One of my cousins was afflicted with a terrible form of eczema and when he got these attacks, which was often, his feet and legs would be covered with tiny running sores. At last, unable to bear it any longer, he went to a well-known doctor and begged to be cured of his affliction. “Curing your eczema is not a big problem,” said the doctor. “But I must warn you that you may develop asthma as a result. Many people do, you know.” Having but the haziest idea of what asthma was, and what it entailed, my cousin replied, “That’s all right, doctor, I’ll take the risk. Anything is better than this cursed eczema.”
The doctor gave him a course of injections, and the eczema began to disappear. Not long afterwards, my cousin got his first attack of asthma. He sat up all night, wheezing, coughing, groaning and moaning, unable to breathe properly or even talk. And the entire household had to dance attendance on him, applying all sorts of oils and balms on his chest, back, nostrils and neck. Early next morning he rushed to the doctor who had treated him, and wheezed. “Doctor, doctor, for God’s sake, can I have my eczema back?”
Several years ago, a young doctor attached to the Galle Hospital, then at Mahamodara, on the Galle-Colombo road, was in the habit of going to Colombo every pay day. He would come back to his quarters at the hospital in the last bus. As he approached the Mahamodara bridge, he would ring the bell and get off. One pay day, coming back dog tired and a trifle drunk, he fell asleep in the bus, and got up all of a sudden to see the Mahamodara bridge looming ahead. He quickly rang the bell and hopped out. It was only after he had got off that he realised, to his dismay, that he had got off at the Gintota bridge. By now the bus had disappeared and with a groan he began walking towards Mahamodara, a good two-and-a-half miles away. As he reached the Dadella Cemetery, a car stopped beside him, and one of the occupants offered him a lift.
Gratefully he got in, but instead of getting a seat by the window he found himself sandwiched between two tough looking men. It didn’t take him long to realise that the four men were denizens of the underworld, and his thoughts flew to his pay packet in his pocket.
Then quite unexpectedly, the doctor caught a break when one of the gang asked him what he was doing at the cemetery at that ungodly hour of the night.
“Oh,” said the doctor, his voice casual, “I went to see a corpse!”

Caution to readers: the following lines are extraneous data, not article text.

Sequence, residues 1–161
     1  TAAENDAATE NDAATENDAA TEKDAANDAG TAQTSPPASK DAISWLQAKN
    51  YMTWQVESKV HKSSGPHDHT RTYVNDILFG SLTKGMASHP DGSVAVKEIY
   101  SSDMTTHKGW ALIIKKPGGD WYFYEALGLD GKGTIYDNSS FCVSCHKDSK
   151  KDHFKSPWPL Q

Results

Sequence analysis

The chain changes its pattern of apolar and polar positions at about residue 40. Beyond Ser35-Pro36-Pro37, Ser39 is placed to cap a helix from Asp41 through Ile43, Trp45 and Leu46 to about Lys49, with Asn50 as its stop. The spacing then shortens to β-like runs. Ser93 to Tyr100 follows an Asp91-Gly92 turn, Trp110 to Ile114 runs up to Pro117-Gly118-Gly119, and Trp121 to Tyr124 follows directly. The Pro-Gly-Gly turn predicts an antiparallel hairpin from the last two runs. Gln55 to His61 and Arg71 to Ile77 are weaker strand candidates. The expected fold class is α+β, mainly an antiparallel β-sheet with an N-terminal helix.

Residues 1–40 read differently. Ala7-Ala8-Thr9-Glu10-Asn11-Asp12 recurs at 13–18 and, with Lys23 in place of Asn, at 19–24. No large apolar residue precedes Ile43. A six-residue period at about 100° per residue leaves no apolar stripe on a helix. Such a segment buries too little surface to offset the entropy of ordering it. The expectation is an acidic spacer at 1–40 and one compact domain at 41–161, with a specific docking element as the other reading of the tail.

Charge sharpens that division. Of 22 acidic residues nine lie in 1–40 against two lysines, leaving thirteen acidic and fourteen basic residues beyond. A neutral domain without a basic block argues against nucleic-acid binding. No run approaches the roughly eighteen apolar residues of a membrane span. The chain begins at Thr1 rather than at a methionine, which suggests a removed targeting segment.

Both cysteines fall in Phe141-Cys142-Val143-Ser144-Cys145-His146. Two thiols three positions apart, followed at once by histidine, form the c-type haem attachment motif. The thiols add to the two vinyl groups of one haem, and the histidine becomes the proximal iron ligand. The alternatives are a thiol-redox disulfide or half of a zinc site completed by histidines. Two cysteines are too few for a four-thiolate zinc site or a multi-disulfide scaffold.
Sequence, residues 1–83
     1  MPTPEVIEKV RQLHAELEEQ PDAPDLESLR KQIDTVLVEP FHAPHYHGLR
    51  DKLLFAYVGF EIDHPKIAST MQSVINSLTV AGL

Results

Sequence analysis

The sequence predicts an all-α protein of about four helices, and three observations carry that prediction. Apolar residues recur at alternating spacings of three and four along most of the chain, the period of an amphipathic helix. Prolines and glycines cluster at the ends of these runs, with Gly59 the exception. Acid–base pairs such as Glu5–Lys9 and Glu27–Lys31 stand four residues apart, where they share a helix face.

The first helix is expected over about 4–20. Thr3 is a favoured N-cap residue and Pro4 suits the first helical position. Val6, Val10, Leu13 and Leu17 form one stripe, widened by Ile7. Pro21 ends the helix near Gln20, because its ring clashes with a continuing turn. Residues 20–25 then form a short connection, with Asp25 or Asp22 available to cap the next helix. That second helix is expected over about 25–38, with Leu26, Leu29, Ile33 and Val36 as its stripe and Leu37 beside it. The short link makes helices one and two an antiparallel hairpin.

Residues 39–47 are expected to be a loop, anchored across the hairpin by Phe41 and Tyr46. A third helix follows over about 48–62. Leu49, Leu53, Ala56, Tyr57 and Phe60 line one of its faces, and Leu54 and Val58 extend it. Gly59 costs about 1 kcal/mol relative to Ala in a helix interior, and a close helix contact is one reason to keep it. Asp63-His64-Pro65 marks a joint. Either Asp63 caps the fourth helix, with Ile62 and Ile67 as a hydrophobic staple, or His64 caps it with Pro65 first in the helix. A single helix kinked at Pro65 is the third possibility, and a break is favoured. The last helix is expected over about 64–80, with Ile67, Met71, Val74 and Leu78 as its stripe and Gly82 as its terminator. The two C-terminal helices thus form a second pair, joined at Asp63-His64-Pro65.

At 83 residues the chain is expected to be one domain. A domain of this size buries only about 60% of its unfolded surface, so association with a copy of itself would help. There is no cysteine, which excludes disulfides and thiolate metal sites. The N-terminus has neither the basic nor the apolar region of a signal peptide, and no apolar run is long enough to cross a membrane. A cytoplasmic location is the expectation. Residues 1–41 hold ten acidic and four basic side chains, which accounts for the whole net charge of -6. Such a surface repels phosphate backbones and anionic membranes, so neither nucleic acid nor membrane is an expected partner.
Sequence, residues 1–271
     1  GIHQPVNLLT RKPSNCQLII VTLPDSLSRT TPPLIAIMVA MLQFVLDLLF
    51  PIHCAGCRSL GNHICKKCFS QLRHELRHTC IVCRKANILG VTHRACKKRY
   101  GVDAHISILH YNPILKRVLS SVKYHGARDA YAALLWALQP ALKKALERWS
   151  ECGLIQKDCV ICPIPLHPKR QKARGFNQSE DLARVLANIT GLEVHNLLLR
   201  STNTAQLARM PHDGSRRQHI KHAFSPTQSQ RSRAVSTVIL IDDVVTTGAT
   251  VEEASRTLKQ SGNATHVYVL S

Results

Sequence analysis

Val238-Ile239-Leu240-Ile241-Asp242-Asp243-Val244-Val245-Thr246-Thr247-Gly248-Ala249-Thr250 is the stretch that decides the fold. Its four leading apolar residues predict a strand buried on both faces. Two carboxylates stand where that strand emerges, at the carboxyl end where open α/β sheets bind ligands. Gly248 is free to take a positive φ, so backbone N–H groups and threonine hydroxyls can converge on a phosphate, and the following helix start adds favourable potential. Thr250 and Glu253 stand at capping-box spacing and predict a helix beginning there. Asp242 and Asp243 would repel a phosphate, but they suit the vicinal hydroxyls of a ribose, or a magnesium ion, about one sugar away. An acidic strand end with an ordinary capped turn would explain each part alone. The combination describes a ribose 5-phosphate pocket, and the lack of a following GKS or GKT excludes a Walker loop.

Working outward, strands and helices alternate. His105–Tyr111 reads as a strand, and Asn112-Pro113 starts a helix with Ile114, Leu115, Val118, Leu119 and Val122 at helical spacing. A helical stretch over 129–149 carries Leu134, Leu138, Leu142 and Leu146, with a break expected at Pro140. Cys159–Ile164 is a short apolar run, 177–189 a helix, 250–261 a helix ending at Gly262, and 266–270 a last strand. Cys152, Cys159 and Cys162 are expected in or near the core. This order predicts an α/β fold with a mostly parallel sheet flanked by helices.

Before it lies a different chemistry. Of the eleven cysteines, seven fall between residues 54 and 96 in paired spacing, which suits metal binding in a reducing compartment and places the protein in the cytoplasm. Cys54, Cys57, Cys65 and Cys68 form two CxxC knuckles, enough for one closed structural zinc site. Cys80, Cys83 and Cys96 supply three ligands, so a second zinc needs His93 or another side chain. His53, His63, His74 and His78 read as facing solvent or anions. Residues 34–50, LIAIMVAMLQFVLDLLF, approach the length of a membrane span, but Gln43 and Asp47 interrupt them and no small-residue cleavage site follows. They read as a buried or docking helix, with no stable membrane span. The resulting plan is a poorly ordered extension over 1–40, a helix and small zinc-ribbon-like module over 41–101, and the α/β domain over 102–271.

“Now, where are you going?”
“To the hospital mortuary to see another corpse!”
“Ammo, moo holmanak!” shouted one of the thugs. (“Ammo, this man is a ghost!) and pushing him out of the car, they fled!
Why is it that when the Chief Guest or his wife draws the winning ticket in a raffle, that person gives the ticket to one of the organisers to read out the name or the number of the winner? Is the Chief Guest illiterate or something? I ask this question because at a club social in the South several years ago, the first prize was a kerosene cooker. This was on display at the club, and while I was admiring it, one of the organisers of the social came up to me and whispered that a certain lady, the wife of a friend of his, was going to win it. “Are you a soothsayer?” I asked him in surprise. “How can you tell in advance who the winner will be?” The man just grinned and gave me a sort of pitying look, and said, “Wait and see”.
The raffle was the last event of the night, and the Chief Guest’s wife put a shapely hand into a bag containing all the raffle tickets, took one out and gave it to the organiser I had spoken to earlier. And lo and behold! He read out the name of his friend’s wife, just as he had predicted.
Then giving me a surreptitious wink, he tore up the ticket. I did not have the slightest doubt it was somebody else’s name on that ticket.
The gold and phone smuggling MP
A rogue caught with the goods, literally in the act of walking through the VIP lounge at Katunayake. He walks home Scot- free after paying a fine of some millions; and to cap it all, he walks in to Parliament next day, as though nothing had happened! I wouldn’t have been surprised if the govt. ranks clapped in unison to welcome him! At least the opposition could have booed. Maybe it is not parliamentary practice, but they have done worse time and again.
I think Parliament should rethink the moral code for MPs. It is pretty obvious that there is neither moral rectitude nor ethical conduct among parliamentarians. Or else would the culprit have the brass to walk in to parliament the very next day?
It is a sad state of affairs when people don’t understand, that perks and privileges go with responsibilities and a high moral code. Walking into a VIP lounge with contraband gold is the lowest depths an elected official can descend to.